As I write this, Mitch is grilling the rest of the shrimp we bought yesterday, while Doug is making rice and a sauce. I’ve got a cabbage and avocado salad just waiting to be out together. Another day in paradise!

Saturday, January 22, 2011

Mitch woke up this morning feeling much better, so we are all cheered. He still needs to take it easy, so the rest of us left him to explore our local beach while we drove to the next town where we hear there is a bakery that makes good bread, which we sorely miss here! The “road” to Santa Teresa is pretty much 1st gear only. The potholes are huge, and you have to drive through a river – no bridge! Good thing we have a 4-wheel drive, brand-new Toyota. This surfing town is interesting: about two miles long, all strung out along one road, businesses along both sides. The bakery is a fairly new building, and the pastries look enticing, but this is the only day of the week they don’t bake bread! Bummer. So we bought a few bags of their house-made granola and headed out to check out the beach – which is spectacular! We spent an hour or so walking and watching the surfers, before heading to Malpais, the next town, where the road literally ends. Lots of tiny hotels, yoga retreats and houses for rent here, in a beautiful, isolated location. On the way back, we spotted a truck with big insulated tubs in the back: a fish monger! We stopped and bought two kilos of ultra-fresh shrimp for dinner! We had been hoping to find fresh fish, and shrimp is a bonus, so we were totally excited and headed home.

We fixed a luscious lunch of fresh corn tortillas with home-cooked black beans, rice, queso fresco, and homemade chayote salsa. Then we spent the afternoon goofing off – reading, swimming, and napping, in preparation for our spectacular shrimp dinner! Doug briefly marinated the shrimp, then sautéed them and served them with spaghetti noodles in olive oil and garlic sauce, with sautéed carrots on the side. Another luscious meal, and another wonderful day.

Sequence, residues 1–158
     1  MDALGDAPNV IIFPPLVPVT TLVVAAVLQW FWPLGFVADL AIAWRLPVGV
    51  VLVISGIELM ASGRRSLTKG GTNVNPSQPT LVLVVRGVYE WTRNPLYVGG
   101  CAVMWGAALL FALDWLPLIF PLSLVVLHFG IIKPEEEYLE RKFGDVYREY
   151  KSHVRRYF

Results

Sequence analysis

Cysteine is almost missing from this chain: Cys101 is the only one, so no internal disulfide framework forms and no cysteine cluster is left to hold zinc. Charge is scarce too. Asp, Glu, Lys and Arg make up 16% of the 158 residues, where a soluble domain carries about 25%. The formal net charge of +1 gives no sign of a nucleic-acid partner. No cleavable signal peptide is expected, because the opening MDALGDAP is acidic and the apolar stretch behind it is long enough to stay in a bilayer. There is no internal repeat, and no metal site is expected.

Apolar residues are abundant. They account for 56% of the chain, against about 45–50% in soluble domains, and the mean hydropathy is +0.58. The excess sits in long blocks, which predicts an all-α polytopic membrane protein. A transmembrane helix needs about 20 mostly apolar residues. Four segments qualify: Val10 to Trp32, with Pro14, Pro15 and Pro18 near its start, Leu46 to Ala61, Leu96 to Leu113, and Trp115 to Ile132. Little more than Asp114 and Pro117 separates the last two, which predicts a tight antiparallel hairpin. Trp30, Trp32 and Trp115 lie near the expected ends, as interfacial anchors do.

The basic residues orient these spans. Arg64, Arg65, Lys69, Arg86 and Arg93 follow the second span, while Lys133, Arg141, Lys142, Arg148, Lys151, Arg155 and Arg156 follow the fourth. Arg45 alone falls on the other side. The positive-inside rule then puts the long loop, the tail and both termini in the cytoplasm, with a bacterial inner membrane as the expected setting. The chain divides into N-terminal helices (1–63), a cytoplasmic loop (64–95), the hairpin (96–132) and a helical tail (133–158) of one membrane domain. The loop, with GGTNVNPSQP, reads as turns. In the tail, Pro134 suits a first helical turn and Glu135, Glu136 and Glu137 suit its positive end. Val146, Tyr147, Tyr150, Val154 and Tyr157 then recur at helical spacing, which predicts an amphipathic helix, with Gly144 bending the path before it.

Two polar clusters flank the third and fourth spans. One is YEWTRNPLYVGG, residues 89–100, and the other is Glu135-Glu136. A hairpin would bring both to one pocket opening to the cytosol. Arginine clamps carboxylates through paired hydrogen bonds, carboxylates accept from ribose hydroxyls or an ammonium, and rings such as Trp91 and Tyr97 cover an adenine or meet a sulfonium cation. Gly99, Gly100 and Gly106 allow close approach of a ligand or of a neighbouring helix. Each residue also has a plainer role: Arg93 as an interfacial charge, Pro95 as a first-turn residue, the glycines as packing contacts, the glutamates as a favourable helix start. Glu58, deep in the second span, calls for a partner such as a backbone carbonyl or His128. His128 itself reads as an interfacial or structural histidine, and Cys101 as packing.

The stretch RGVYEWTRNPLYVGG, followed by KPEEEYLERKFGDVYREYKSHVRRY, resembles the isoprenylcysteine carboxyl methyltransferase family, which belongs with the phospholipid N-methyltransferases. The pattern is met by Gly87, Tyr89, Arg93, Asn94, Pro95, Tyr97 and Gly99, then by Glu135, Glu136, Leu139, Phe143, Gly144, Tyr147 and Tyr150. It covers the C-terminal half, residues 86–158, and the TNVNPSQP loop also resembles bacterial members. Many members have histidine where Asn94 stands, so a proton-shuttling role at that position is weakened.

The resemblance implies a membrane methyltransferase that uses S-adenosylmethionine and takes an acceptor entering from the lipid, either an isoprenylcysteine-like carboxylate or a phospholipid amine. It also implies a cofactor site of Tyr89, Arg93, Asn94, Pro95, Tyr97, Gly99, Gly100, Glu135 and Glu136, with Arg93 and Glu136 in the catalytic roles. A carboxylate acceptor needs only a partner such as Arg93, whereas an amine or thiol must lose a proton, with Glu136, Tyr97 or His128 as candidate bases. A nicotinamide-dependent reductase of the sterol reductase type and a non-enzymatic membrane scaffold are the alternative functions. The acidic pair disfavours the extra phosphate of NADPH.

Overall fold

Sunday, January 23, 2011

Friday, January 21, 2011

Friday we rested up a bit, enjoying our house, getting settled in, and exploring the neighborhood. I use that term loosely since ours is the only house around, excluding the “casita” the owners live in down the road, and the caretaker’s house right next door (hidden by strategic, stunning landscaping). We did make the 10-minute drive to the beach, which is beautiful, long and practically deserted. We are going to be happy here! We tried a local restaurant for lunch – Judie had shrimp seviche, Doug had a chicken dish, and I had the local staple, arroz con pollo (rice with chicken). All delicious!

Our house comes with a resident dog named Flaco (Skinny), a rescue dog! We are so happy to have such a sweetie underfoot.

For dinner, Doug fixed his famous chicken in green curry and we happily stuffed ourselves. All except Mitch, who has developed a cold and isn’t feeling well, what a bummer! At least the curry will help clear his sinuses.

a link to a few of our photos

More to come if we ever have time!

Saturday, January 22, 2011

Thursday, January 20, 2011